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Multifunctional Magnetic Materials and Nanostructures

In the 2002-2013 periods the group substantially increased its scientific output and impact in the international community. The group was able to consolidate access to international large scale facilities within international collaborations in the areas of magnetic and structural characterization (neutron and synchrotron radiation facilities, transmission microscopy), nuclear hyperfine techniques for local probe characterization, pulsed and stable extreme high-field infrastructures. The in-house experimental facilities were used thoroughly in order to produce the critical results to motivate proposals at European and USA facilities which were submitted and approved.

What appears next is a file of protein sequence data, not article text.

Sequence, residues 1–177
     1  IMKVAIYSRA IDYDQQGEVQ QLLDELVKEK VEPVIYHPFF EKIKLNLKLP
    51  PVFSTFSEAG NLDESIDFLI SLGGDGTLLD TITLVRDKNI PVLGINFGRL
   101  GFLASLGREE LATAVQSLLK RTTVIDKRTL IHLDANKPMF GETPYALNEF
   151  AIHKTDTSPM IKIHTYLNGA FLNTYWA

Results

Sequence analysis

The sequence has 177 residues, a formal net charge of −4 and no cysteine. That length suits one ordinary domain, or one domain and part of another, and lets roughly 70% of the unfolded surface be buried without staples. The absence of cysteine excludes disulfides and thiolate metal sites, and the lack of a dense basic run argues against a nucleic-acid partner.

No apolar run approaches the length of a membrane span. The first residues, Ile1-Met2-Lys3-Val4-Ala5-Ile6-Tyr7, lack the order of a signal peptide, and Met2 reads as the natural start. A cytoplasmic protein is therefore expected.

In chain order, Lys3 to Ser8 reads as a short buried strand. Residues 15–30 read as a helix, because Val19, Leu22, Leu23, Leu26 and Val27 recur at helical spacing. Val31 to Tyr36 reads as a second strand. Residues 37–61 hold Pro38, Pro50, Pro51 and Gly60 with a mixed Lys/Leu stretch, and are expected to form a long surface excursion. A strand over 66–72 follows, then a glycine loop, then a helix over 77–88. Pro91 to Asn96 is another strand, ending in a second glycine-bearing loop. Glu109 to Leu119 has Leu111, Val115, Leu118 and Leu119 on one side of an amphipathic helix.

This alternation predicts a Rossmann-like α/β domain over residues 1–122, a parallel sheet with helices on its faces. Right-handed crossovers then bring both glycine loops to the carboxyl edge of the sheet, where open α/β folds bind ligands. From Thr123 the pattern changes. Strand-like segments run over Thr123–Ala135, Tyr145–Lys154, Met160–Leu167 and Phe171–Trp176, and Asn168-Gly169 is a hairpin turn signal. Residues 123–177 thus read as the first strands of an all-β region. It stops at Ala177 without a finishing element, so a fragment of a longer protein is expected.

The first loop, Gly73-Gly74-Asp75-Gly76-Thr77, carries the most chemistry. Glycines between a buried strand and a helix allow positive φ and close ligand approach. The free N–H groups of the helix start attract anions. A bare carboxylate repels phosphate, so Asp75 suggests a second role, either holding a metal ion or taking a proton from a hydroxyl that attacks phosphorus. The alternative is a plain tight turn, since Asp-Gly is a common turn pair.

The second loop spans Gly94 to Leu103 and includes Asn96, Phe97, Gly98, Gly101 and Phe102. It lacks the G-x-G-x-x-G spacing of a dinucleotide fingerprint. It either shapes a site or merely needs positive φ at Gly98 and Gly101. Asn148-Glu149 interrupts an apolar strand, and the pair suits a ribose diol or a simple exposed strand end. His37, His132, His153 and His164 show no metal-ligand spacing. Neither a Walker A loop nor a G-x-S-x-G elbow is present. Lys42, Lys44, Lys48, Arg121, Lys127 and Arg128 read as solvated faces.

The main scientific achievements involve the highlight of the relative importance of spin-dependent tunneling transport in magnetic tunnel junctions, the discovery of a Griffhits-like phase in rare earth based magnetocaloric Tb5Si2Ge2 compounds and the discovery of multiferroic characteristics in charge-ordered compounds like Pr-Ca manganites. In addition the group was able to start a new local research field in the fabrication, functionalization and integration of custom-made nanoporous media for nanoscience applications. Almost perfect hexagonal lattice over large areas (~20 um2) were obtained. Membranes with pores diameter ranging from 15 nm to 100 nm and interpore distances from 50 nm to 200 nm are now routinely achieved (with thickness from ~500 nm upwards, controlled by the anodization time). The application of these templates in the fabrication of NiFe and Ni magnetic nanowires (NW) directly electrodeposited inside the pores was accomplished. Another application was on the fabrication of silica and manganite nanotubes inside the Al2Omembrane nanopores by a sol-gel method. Work regarding the bio-functionalization of both inside and outside surfaces of the nanotubes is underway. Moreover, the group is now involved in the development and study of metallic nanowire-based metamaterials, using the above bottom-up approach, and their integration in optical fibers for sensors applications. Recently, a new line on the study of magnetic nanoparticles for hyperthermia applications has emerged.